BYU Turns in Solid Performances During Second-Day Action at NCAA Championships | The Official Site of BYU Athletics

BYU Turns in Solid Performances During Second-Day Action at NCAA Championships

BOISE, Idaho - Paced by a second, fifth and eight-place finish in the women's 10,000 meters, BYU grabbed its first 13 points of the meet on Thursday to finish the day in second place, just seven points behind current leader Southern Methodist. UCLA is just one point behind BYU with 12.

BYU All-American Tara Rohatinsky placed second in the finals of the 10,000 meters in a time of 34:04.02. Senior Marty Hernandez earned All-America honors with her fifth-place performance (34:09.88), while All-American Emily Nay rounded out the Cougar-heavy race with an eight-place finish (34:43.98).

"We're proud of our performance today," BYU women's head coach Craig Poole said. "Coach Shane had these girls prepared for this race and they went out and accomplished the game plan.

"With the 3,000 meters, hurdles, triple jump and other events still to come, we have the potential of picking up some valuable points over the next couple days. We'll just have to wait and see what happens. We'd like to win of course, but we want the girls to just go out and do their best."

Senior All-American Kirstin Bolm advanced in the 100-meter hurdles with a third-place finish in her heat, crossing the finish line in a time of 13.12. Bolm will enter Friday's semifinals ranked eighth and will need to finish eighth or better to advance to Saturday's finals.

In other women's action, Melanie Steer and Jolee Gillespie failed to make the cut in the 1500 meters, with Steere missing the finals by just three seconds. She finished seventh (4:29.77) in her heat, while Gillespie finished ninth (4:31.26). All-American Julie Bennion placed 14th in the semifinals of the 400 meters, turning in a 54.29. Gillespie needed to finish in the top-eight in order to advance.

In men's action, defending NCAA 100-meter champion cruised to an automatic berth in the semifinals with a 10.23 performance in the 100-meter preliminaries on Thursday. Teammate Kenneth Andam also qualified with a 10.49, but is doubtful for Friday's preliminary race, as well as the finals in the 4x100-meter relay on Friday. It is likely Andam's injury will cause him to also withdraw from the 200-meter prelims as well.

"We'll have to wait and see how he feels tomorrow," BYU head men's track coach Willard Hirschi said. "We are hesitant to use him and don't want to jeopardize his bright future. You can either be wreckless or conservative in a situation like this. We believe it is more important to live another day, as opposed to crash and burn."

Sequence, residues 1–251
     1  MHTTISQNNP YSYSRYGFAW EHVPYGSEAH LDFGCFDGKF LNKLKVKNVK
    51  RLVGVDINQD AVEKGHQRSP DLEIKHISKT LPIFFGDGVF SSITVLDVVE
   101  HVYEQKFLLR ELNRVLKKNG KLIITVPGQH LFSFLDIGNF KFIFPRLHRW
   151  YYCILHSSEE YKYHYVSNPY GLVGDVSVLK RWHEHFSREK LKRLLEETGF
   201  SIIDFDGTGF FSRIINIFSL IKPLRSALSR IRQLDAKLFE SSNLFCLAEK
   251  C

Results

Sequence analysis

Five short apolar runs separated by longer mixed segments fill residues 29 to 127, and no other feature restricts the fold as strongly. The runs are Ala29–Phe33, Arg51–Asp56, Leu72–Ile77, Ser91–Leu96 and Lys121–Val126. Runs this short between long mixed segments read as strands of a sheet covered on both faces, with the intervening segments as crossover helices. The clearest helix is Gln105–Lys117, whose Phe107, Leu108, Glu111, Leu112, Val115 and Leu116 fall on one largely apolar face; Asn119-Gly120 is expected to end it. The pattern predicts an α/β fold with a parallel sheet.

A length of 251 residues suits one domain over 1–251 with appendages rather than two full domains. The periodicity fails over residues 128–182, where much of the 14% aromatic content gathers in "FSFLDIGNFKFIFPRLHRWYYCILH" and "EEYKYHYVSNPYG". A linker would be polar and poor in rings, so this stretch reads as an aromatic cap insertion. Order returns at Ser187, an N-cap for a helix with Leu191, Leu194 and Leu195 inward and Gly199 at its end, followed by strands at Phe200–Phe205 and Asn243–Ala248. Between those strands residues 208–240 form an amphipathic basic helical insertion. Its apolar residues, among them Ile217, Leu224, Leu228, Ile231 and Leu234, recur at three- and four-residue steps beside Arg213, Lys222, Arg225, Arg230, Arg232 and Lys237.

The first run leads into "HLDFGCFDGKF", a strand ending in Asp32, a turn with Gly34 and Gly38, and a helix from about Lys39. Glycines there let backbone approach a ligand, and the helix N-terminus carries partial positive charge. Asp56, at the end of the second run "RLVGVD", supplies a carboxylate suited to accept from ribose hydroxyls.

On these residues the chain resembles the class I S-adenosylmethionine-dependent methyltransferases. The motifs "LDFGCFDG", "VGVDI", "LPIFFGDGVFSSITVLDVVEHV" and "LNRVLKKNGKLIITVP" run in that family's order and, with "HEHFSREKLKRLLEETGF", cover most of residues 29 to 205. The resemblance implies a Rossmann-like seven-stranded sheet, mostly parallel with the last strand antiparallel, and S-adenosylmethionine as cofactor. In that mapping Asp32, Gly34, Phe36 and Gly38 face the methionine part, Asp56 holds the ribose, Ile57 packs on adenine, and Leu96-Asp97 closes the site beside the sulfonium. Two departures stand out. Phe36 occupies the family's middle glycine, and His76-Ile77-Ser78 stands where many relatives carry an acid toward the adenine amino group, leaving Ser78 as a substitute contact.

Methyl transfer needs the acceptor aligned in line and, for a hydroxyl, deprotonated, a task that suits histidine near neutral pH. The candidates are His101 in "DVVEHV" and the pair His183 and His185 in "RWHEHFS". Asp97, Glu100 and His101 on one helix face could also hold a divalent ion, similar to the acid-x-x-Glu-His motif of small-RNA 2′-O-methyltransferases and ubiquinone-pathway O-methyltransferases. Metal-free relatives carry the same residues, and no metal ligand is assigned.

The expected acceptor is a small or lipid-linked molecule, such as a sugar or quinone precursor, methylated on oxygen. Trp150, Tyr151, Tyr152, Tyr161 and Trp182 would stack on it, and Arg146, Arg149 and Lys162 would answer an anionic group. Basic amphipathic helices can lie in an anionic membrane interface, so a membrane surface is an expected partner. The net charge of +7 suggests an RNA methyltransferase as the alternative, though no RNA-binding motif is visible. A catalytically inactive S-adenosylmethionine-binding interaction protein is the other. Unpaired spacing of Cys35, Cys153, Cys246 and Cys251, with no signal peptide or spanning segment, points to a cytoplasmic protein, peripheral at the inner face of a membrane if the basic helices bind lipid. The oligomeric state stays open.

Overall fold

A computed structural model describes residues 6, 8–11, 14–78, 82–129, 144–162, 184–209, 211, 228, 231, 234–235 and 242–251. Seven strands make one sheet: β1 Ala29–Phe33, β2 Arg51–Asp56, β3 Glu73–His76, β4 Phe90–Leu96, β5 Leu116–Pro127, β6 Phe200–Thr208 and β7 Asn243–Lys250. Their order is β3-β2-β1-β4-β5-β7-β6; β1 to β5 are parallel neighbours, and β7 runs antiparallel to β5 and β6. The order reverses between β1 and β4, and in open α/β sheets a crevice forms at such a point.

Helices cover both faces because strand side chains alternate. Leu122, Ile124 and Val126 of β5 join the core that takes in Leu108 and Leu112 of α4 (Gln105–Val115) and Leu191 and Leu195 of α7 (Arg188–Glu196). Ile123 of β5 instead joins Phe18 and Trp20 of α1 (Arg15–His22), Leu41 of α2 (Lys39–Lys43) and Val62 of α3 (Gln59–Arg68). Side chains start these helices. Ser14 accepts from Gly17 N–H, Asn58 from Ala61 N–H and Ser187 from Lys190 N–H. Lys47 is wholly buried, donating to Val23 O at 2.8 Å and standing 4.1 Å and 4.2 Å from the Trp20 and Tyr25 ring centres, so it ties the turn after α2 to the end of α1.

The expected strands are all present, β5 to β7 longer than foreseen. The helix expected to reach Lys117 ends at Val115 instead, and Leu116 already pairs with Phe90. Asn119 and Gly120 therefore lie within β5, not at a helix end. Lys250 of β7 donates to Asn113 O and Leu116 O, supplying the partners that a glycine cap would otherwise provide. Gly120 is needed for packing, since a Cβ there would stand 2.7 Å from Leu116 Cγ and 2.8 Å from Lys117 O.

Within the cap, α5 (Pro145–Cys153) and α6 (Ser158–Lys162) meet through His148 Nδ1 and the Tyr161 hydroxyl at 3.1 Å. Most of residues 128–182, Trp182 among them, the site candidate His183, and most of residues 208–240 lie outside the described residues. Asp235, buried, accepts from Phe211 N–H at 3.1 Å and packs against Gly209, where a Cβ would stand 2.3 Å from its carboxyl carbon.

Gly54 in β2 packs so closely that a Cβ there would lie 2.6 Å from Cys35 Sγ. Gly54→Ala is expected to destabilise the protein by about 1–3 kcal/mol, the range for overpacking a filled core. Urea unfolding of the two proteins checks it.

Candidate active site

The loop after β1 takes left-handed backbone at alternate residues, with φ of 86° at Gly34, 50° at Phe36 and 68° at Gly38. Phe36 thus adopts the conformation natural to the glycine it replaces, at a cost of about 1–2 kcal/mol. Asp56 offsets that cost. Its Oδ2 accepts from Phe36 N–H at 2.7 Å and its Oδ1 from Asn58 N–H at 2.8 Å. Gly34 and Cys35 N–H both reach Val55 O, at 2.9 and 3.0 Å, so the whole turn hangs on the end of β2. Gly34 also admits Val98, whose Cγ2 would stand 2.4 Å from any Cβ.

According to Hirschi, if Andam is unable to compete, the 4x100-meter relay team will consist of Clayton Patch, Slade Combs, Thobias Akwenye and Myles-Mills.

"All of these guys are qualified for this race. It would be nice to have Kenneth in there, but if our exchanges are just right, we still have a very good chance in this race."

In perhaps the most "gutty" performance of the day, BYU freshman Bryan Lindsay earned the 12th and final spot for the finals in the men's 1,500-meters. Lindsay broke away from the pack with two laps remaining but finished sixth in his heat. Despite the sixth-place finish, his burst mid-way through the race allowed him to advance with a time of 3:49.38. According to Lindsay, it was a dream come true -- literally.

"Last night I had a dream that I gave it everything I had and finished 12th to earn a spot in the finals," he said. "My goal is to be an All-American. And the only way to accomplish that is to give myself a chance by getting to the finals. I gave it everything I had today.

"This trial was all or nothing for me. If I didn't finish at least 12th, my season would be over. I really had nothing to loose."

In other action, BYU's Jeff Lindsay finished 18th in the 3,000-meter steeplechase with a time of 9:28.47.

On the men's side, BYU has yet to score, however the potential for picking up valuable points will occur on Friday as the team competes in the finals of the 4x100-meter relay and the pole vault. Stanford currently leads the men's competition with just 24 points.